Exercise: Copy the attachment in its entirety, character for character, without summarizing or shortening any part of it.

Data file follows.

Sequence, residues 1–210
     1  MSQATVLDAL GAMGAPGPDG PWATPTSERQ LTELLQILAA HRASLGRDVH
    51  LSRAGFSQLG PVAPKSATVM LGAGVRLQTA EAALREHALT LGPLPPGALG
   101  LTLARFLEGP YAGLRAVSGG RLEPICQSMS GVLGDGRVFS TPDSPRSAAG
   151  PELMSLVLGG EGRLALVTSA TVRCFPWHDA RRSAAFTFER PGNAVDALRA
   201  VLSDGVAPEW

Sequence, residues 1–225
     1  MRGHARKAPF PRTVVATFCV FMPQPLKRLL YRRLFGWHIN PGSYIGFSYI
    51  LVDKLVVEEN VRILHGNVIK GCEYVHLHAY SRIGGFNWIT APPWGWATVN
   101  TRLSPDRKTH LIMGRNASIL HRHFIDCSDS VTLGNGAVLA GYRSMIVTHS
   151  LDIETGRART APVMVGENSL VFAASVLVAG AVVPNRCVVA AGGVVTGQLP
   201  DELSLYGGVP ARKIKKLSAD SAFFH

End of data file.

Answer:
Sequence, residues 1–210
     1  MSQATVLDAL GAMGAPGPDG PWATPTSERQ LTELLQILAA HRASLGRDVH
    51  LSRAGFSQLG PVAPKSATVM LGAGVRLQTA EAALREHALT LGPLPPGALG
   101  LTLARFLEGP YAGLRAVSGG RLEPICQSMS GVLGDGRVFS TPDSPRSAAG
   151  PELMSLVLGG EGRLALVTSA TVRCFPWHDA RRSAAFTFER PGNAVDALRA
   201  VLSDGVAPEW

Sequence, residues 1–225
     1  MRGHARKAPF PRTVVATFCV FMPQPLKRLL YRRLFGWHIN PGSYIGFSYI
    51  LVDKLVVEEN VRILHGNVIK GCEYVHLHAY SRIGGFNWIT APPWGWATVN
   101  TRLSPDRKTH LIMGRNASIL HRHFIDCSDS VTLGNGAVLA GYRSMIVTHS
   151  LDIETGRART APVMVGENSL VFAASVLVAG AVVPNRCVVA AGGVVTGQLP
   201  DELSLYGGVP ARKIKKLSAD SAFFH